Standard Deductions -

Standard deductions for those who do not itemize are as follows:
  2009 2008
Single $5,700 $5,450
Married Filing Sep. $5,700 $5,450
Married Filing Joint $11,400 $10,900
Head of Household $8,350 $8,000
If 65 or over and/or blind add:
Single/ Head of Household $1,400 $1,350
Surviving Spouse
$1,100 $1,050

Itemized Deduction Phaseout -

Deductions are reduced by 3% of every dollar of Adjusted Gross Income over $166,800 ($83,400 if married filing separately) up to a maximum phaseout of 80% of your itemized deductions. Medical expenses, investment interest, casualty losses and gambling losses are excluded.

2009 Alert: The phaseout may only reduce your itemized deduction by 1/3 in 2009.

Standard Mileage Rates -

The standard mileage rates for 2009 are:
Mileage 2009 Rate/Mile
Business Travel
Charitable Work
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2009 Tax Rates

The income brackets for each tax rate are:

Single Married Jointly Head of Household Tax Rate
$1 - 8,350 $1 - 16,700 $1 - 11,950 10%
$8,351 - 33,950 $16,701 - 67,900 $11,951 - 45,500 15%
$33,951 - 82,250 $67,901 - 137,050 $45,501 - 117,450 25%
$82,251 - 171,550 $137,051 - 208,850 $117,451 - 190,200 28%
$171,551 - 372,950 $208,851 - $372,950 $190,201 - 372,950 33%
Over $372,950 Over $372,950 Over $372,950 35%

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More Special 2009 Tax Items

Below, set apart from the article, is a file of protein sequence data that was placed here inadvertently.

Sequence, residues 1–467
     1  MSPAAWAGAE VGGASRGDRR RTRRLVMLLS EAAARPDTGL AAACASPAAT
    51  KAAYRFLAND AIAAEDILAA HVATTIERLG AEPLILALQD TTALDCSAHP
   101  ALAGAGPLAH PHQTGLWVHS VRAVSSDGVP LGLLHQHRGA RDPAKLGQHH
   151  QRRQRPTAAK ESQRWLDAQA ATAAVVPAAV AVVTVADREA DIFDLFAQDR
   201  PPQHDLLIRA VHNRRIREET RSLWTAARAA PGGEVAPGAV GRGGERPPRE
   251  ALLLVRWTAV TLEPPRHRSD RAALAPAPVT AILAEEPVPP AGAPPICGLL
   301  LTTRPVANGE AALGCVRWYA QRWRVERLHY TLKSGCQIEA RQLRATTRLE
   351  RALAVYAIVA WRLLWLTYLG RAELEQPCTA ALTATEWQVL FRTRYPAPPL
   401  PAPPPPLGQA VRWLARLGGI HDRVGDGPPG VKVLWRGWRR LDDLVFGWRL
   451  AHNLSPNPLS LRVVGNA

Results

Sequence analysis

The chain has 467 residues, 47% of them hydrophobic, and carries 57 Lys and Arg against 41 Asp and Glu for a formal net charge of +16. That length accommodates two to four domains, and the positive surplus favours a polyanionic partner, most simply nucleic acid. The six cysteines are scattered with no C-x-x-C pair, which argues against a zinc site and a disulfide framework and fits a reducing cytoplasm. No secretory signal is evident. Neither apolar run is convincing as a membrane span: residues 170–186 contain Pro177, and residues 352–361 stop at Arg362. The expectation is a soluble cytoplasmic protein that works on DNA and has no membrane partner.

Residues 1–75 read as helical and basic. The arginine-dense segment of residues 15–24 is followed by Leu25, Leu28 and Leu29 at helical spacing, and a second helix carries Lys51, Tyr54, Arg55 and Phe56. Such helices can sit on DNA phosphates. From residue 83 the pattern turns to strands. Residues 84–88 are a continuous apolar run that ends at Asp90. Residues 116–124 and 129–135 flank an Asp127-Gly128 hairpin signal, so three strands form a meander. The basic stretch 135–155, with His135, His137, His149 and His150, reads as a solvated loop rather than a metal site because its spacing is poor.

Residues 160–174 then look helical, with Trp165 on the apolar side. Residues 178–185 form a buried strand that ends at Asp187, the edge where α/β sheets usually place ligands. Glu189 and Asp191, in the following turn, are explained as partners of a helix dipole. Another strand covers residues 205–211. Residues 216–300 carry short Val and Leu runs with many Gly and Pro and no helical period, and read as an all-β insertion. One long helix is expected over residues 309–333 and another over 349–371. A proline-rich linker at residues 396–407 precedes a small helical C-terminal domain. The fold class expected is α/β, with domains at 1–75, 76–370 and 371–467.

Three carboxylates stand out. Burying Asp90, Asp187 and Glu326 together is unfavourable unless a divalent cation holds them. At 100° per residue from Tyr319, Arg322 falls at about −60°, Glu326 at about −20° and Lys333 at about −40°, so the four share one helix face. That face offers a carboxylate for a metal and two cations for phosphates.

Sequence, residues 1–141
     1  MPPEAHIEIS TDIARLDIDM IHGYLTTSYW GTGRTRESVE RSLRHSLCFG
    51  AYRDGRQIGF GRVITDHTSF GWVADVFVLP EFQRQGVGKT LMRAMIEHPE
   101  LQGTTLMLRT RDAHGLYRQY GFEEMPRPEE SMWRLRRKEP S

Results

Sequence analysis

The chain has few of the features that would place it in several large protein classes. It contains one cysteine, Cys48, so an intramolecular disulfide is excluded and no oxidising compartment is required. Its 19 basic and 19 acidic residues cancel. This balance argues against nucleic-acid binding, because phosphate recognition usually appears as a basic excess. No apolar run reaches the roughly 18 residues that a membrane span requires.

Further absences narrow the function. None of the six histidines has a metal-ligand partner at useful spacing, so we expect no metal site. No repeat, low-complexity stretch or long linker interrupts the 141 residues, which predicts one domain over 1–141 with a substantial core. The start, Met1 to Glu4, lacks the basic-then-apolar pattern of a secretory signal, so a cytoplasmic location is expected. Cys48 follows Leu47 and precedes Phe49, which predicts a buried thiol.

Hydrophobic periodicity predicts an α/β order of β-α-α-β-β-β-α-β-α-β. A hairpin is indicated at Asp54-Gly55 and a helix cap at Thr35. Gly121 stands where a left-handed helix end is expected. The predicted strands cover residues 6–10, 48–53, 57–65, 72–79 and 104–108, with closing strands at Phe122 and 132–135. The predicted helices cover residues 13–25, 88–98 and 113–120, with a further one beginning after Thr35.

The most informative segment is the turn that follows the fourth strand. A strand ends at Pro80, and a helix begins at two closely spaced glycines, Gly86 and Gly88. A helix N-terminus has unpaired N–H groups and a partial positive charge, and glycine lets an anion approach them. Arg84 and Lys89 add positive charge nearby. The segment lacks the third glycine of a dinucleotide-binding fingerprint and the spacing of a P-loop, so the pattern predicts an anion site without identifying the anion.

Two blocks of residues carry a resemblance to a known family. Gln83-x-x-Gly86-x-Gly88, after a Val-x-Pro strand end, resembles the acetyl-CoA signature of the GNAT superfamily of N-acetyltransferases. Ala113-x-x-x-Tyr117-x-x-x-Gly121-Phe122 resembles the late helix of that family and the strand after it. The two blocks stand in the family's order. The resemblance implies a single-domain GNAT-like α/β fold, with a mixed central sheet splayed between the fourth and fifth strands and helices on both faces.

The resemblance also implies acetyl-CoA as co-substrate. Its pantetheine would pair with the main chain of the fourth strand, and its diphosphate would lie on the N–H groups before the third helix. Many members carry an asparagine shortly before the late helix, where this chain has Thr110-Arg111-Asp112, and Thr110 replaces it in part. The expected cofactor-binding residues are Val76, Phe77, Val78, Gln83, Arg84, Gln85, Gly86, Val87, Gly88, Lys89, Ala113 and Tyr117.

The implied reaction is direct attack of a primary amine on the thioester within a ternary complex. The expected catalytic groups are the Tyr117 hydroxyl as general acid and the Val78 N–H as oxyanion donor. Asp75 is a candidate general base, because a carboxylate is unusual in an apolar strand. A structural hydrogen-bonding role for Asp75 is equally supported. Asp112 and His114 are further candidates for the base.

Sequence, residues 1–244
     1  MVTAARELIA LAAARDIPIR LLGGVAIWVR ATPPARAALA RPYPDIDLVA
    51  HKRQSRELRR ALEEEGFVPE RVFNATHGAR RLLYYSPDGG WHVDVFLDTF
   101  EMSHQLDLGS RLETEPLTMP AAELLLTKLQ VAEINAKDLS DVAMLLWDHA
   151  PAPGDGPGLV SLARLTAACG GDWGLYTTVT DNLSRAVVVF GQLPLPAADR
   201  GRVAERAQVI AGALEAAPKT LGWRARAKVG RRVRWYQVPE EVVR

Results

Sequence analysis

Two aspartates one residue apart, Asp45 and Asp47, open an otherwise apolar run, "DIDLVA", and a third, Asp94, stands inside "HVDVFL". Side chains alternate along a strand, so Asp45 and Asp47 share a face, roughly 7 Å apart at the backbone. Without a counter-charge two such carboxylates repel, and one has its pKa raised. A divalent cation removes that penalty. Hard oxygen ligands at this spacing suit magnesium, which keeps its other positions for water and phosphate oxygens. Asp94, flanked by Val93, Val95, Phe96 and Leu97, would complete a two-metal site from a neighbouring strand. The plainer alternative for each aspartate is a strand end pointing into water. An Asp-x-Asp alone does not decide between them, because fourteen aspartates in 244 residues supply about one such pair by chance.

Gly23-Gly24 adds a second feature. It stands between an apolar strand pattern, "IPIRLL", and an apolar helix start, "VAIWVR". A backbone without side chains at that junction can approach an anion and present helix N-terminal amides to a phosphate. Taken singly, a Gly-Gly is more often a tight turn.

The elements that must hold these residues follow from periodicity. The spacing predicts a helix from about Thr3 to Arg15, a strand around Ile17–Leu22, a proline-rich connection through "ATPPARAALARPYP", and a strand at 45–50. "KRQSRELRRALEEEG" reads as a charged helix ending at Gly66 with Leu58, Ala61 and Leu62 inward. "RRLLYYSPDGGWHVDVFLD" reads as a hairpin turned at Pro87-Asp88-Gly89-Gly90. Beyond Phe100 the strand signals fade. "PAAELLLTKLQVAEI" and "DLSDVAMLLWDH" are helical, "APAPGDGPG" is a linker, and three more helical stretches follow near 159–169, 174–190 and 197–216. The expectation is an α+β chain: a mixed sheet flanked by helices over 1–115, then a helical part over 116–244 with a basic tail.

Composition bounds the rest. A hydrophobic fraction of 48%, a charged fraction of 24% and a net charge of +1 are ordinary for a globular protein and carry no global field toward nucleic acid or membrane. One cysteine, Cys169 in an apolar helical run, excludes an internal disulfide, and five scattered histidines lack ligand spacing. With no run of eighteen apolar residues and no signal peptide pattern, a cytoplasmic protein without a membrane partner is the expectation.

2009 marks another year of major tax law changes. While too vast to mention them all, here are some that will impact many clients.

Special Tax Items

As always, please feel free to bring up any questions or concerns that may impact your situation.

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Energy Efficient Tax Credits 2009

energy tax creditsThe American Recovery and Reinvestment Act expands your tax-deductible opportunities to make energy efficient home improvements in 2009 and 2010. If you make any of the following improvements, you can possibly recover up to 30% of the costs:

Here are some of the stipulations:

Improvements made in 2009 may be claimed on your 2009 tax return filed by April 15, 2010. Those made in 2010 will be claimed with your filing in 2011. Return to Top

Shrinking Social Security Benefits
Fewer Benefits for Millions of Seniors in 2010

houseIn 2010, for the first time in more than three decades, seniors will not receive a social security benefit increase. A formula set by federal law determines the benefit increase, formally known as the “cost of living adjustment” (COLA).
The COLA formula is closely tied to inflation rates, as calculated by the consumer pricing index. This year’s recession and the decreased cost of oil have led federal experts to predict a deflation (a decline in prices and wages) through mid-2010 and perhaps longer. Because there is a negative inflation rate for 2010, there will be no COLA, and thus no increase in benefit payments to social security recipients.
Fortunately, Federal law prohibits social security payments from going down, so check payments will simply freeze for many benefit recipients. However, monthly benefit payments may decrease for millions of Americans in the Medicare prescription drug program because the premiums are predicted to go up, and these premiums are often deducted from social security checks.

What to do? Plan now to take steps to account for this “freeze”. You may wish to re-forecast required distributions from your retirement plans or postpone a planned expense. Adjusting your budget now will help prepare for the impact of the Social Security Benefit freeze in 2010. Return to Top